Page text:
Following Fiona Peterson’s account of how she plucked up the courage to attend her first Mediterranean Editors and Translators Meeting (METM17 in Brescia, Italy), today’s blog post has been kindly contributed by Valerie Matarese, an avid METMite and authors’ editor. Valerie explains what makes her come back, year after year:
METM: mettem. For 12 years now, this “word” has accompanied my springs and summers, into autumn, like a mantra, as I prepared for each MET meeting. Since the first event in 2005, I’ve attended every METM, contributing in myriad roles: as speaker, panelist, poster presenter, moderator, and session chair; as self-appointed photographer (see my personal galleries of METM05 and METM12); as reviewer and content team member; as lead organizer; and, this year, as display area manager. Clearly, METMs offer numerous opportunities for getting involved, learning new skills, and sharing existing expertise.
This year’s meeting was excellent, but this is no surprise. By now, MET has optimized its work flow for planning its annual meetings, which follow a consolidated schedule: two half-days of workshops followed by 1.5 days of conference. Yet each year, METMs grow in size, substance and extras, with this year’s event sporting numerous “off-METMs” (small-group get-togethers organized around various topics), plus early morning yoga and running, a choir performance at the closing dinner, and post-meeting outings—great opportunities for networking and bonding with colleagues. The bonds are for sharing not only a common work interest, but also a common dedication to MET and its objectives, and for this reason a core group of MET members comes back year after year.
For me, the highlight of METMs is the chance to expand my professional horizons beyond the realm of author editing in the biomedical sciences. It is only thanks to METMs that I have learned about genres, corpus analysis, text histories, and people-first language, for example. Exposure to how translators solve language problems and how teachers of academic English instill best practices has certainly helped me work better.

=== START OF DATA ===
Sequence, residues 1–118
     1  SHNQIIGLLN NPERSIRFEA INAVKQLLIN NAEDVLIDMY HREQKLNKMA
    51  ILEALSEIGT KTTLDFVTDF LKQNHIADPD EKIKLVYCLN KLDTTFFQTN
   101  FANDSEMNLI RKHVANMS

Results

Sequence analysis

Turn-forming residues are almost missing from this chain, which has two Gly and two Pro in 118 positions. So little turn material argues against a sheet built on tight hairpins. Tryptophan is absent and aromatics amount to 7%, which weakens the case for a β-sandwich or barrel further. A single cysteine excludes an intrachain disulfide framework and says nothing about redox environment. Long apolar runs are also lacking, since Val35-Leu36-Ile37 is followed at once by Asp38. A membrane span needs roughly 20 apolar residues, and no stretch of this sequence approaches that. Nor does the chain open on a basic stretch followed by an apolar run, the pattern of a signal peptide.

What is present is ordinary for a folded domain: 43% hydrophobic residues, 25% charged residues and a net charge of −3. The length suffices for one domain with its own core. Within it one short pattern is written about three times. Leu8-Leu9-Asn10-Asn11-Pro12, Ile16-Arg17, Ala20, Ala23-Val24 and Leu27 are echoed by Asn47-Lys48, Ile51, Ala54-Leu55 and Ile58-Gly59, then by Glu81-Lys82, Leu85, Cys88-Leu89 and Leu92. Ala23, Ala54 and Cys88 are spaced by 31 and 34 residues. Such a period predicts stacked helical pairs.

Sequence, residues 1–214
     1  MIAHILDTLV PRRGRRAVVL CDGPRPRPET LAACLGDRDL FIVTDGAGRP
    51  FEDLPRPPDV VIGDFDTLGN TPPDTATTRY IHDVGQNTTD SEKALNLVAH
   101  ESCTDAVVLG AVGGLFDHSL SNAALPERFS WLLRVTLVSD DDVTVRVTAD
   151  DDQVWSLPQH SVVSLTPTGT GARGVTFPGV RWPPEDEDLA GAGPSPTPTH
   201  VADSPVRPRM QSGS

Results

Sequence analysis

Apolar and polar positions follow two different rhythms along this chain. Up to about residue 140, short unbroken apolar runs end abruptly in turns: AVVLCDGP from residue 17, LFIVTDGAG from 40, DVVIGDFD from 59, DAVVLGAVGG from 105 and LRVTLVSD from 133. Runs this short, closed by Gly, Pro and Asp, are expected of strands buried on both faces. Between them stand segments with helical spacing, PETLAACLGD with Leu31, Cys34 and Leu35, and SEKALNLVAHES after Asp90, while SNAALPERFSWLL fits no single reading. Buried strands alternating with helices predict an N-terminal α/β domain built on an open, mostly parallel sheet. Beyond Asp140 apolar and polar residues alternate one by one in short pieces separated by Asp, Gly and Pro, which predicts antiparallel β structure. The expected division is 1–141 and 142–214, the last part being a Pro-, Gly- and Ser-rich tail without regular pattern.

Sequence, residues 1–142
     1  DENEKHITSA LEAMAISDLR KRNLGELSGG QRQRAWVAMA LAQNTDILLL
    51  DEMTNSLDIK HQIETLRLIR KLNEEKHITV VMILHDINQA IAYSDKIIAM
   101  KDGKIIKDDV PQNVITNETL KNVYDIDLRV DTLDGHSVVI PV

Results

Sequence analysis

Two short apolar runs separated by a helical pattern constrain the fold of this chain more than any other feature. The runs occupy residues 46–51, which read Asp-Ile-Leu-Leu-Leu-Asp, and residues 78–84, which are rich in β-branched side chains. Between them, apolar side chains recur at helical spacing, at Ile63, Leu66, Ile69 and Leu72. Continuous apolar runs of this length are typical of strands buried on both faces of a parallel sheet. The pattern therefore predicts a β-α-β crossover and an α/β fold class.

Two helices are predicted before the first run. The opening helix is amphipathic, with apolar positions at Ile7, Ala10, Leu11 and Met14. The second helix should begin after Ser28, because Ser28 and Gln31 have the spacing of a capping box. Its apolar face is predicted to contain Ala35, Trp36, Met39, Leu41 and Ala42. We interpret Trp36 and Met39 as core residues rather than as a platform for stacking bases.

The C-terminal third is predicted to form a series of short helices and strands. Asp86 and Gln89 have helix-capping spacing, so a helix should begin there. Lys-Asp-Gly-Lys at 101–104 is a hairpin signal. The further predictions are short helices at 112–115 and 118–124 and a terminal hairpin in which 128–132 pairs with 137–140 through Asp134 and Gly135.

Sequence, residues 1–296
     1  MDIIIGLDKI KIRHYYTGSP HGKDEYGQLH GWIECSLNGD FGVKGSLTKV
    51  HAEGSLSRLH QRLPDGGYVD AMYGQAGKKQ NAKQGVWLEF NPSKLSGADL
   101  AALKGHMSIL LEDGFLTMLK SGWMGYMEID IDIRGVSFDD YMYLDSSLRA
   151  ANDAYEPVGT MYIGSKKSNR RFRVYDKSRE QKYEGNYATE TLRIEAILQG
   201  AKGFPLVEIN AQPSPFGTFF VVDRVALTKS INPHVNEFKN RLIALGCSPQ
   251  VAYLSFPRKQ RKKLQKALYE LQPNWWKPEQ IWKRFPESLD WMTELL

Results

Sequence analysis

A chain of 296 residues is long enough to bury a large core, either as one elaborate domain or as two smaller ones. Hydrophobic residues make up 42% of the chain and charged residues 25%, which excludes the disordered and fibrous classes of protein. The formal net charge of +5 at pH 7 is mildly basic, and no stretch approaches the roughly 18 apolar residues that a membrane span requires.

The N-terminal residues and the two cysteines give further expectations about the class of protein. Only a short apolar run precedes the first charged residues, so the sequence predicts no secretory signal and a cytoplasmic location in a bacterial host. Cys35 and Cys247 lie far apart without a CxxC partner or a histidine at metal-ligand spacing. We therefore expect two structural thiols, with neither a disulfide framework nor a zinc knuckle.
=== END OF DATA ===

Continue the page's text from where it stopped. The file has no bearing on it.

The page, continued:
This year, in the spirit of learning something new, I attended the pre-conference workshop “Understanding our clients: why do anthropologists write that way?” facilitated by Susan DiGiacomo, who presented extracts of anthropological research articles. To a biologist like me, these articles, without identifiable methods or results sections, seemed like essays, making me wonder how knowledge is created in this social science. More comforting was the observation that in anthropology, as in biology, there are both well-written texts that convey clear messages and others that cause readers to trip, get lost and give up.
The main conference program offered several sessions of professional relevance to me. Darko Hren, a professor of social psychology and regular facilitator of statistical workshops at METMs, spoke on “Setting up a research project.” As he correctly noted, language professionals, in their daily work, “encounter issues worth investigating beyond anecdotal evidence” and indeed a few MET members, including myself, have conducted studies about, or tangential to, our work. This session gave an overview of the steps in planning a study, whether qualitative or quantitative, and provided several helpful hints. But it soon became clear that a talk about designing research can only skim the surface, so the session ended by floating the idea of a future workshop to help attendees develop their own research projects, from formulating a question to writing the protocol.